Installing Ubuntu on Mid 2012 Macbook Air
I recently purchased a Macbook Air 2012 and wanted to install Linux on it. However, I had a few hang ups. Here are the steps and some potential bugs I ran into while tying to install Ubuntu 12.04 on my Mid 2012 Macbook Air.
Step 1: Create a USB Bootable ISO disk
Since the Macbook Air doesn’t have a CD drive, and you might not have the optional Super Drive attachment, you’ll need to have to use a USB flash drive to install Linux.
You can create one by following the steps here:
Note: After your format it, the Macbook Air might give you popup that says the system doesn’t recognize the drive. Don’t worry about this, just hit ignore and proceed to reboot.
Step 2: Install rEFIt or just use alt/option to choose OS
After you create the bootable USB drive for installing Ubuntu, reboot the computer and hold the alt/option key while the screen starts up. After a few seconds, you should see 3 options to choose from: your Machintosh drive; a recovery drive; and a “Windows” drive that has the USB symbol on it. Choose the “Windows” drive — Don’t worry, you didn’t install Windows, it’s just how the system recognizes it.
If you don’t want to hold the alt/option key, you can install rEFit to have an easier boot loader. This is not necessary, but convenient.
Once you have selected the USB “Windows” option, the computer may begin to load into the live menu for Ubuntu, where you can try out the operating system.
When I tried it, however, I got an error message which said “Kernel panic: timer doesn’t work through interrupt-remapped IO-APIC.” If this happens, restart the computer — the work-around is to hit F8 once you’ve selected the “Windows” option, this will take you to the Ubuntu menu. You can attempt to see if “Try Ubuntu without installing” works, but for me it didn’t. Instead, hit F6 to get into the boot options.
You’ll need to add “noapic acpi=off” to the end of the line beginning with “Linux /boot/…” It should be before the line beginning with “initrd”. From here, press F10 to boot.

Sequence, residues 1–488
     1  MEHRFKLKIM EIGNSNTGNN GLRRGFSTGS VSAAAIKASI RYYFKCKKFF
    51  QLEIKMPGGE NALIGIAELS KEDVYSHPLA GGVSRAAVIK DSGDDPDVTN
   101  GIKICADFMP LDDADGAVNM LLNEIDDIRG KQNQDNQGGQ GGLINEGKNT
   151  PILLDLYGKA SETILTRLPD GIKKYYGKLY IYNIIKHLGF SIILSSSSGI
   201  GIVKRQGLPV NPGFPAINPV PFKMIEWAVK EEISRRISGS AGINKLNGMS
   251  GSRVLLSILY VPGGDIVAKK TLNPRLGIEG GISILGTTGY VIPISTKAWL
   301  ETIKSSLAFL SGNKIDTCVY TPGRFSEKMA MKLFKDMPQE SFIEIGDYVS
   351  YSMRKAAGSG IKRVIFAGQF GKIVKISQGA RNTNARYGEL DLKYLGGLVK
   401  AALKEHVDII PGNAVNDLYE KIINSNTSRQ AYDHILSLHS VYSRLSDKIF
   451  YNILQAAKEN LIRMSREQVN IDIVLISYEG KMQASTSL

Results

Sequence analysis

You should get a “test run” of Ubuntu going from here!
Step 3: Partition the Drive
After getting into the test area, I noticed my mouse and keyboard (integrated) didn’t work with Ubuntu. Hook up an external mouse and keyboard for now, after installation this problem resolved for me.
Before you are ready to install, you’ll need to partition your drive to make room for Ubuntu. If you want Ubuntu as your primary OS (erasing OSX), you can skip this step.
When on the OSX side, go to the Disk Utility and select your main harddrive. Click the partition tab and enter in the size of the OSX drive you want. I allocated 140 to OSX, leaving about 110 for my Ubuntu partition. If you click on the image on the left, it should update, showing empty space below the OSX partition.
Add a partition by pressing the plus sign button below the image. Don’t worry about the format. You can also create a partition for SWAP space (which may be recommended).
Now reboot and follow Step 2 to boot into Ubuntu from the USB drive.
Step 4: Install Ubuntu
On the desktop should be an icon that says “Install Ubuntu”: click on it.
When prompted, choose MANUAL Partition. Select the partition you just made (you can tell by the size).
When you see the partitions, find the one you created and delete it. Then create a new partition of type ext4 using the harddrive space left by the deleted partition. Set the mount point to “/”. If you didn’t create a SWAP partition, you’ll get a warning. If you don’t want a SWAP partition, then just ignore the warning and keep moving.
Using ext4 instead of ext3 can be better for the ssd because it allows you to tune the frequency of writes.
Make sure to check your keyboard as English Macintosh! Otherwise your Mac keyboard may not work with Ubuntu!
Step 5: Resolving the Kernel Panic
If you experienced a kernel panic when trying to install Ubuntu 12.04 on your Macbook Pro or Macbook Air, then you’ll have to update Grub with the added flags as you did for booting from the USB drive.
First boot into the now installed “Windows” on startup — if you use the alt/option, it should look like a normal harddrive now instead of a USB drive. If it takes you to the Ubuntu menu screen, where you can select the OS, press F6 to edit the boot options again. You should be able to get to the desktop again.
Once you’re on your desktop, open up a terminal and type:
“sudo vi /etc/default/grub”
If you don’t know how to edit in vi, use:
“sudo gedit /etc/default/grub”
Find the line that begins “GRUB_CMDLINE_LINUX_DEFAULT” and change it to the following and save it:
“GRUB_CMDLINE_LINUX_DEFAULT=”quiet splash nomodeset noapic acpi=off”
Now update grub using the following command in the terminal:
“update-grub” to update your /boot/grub/grub.cfg file
From now on, your Macbook should boot just fine into Ubuntu!
Step 6: Configuring
If you’re having trouble with the trackpad, I found this site helpful.
It’s a good idea to check that Ubuntu is accessing all your available RAM. To check run “top” in the terminal. You should see “Mem: N total” on the third line, where N is the number of Kb of RAM total. If you expect 8gb of RAM, you should see a number in Kb that equates to about 8gb (it might be a little less). You can quit top by typing “q”.
Here are some additional resources I used to solve the problem:
If you have more trouble, consult the Ubuntu forums!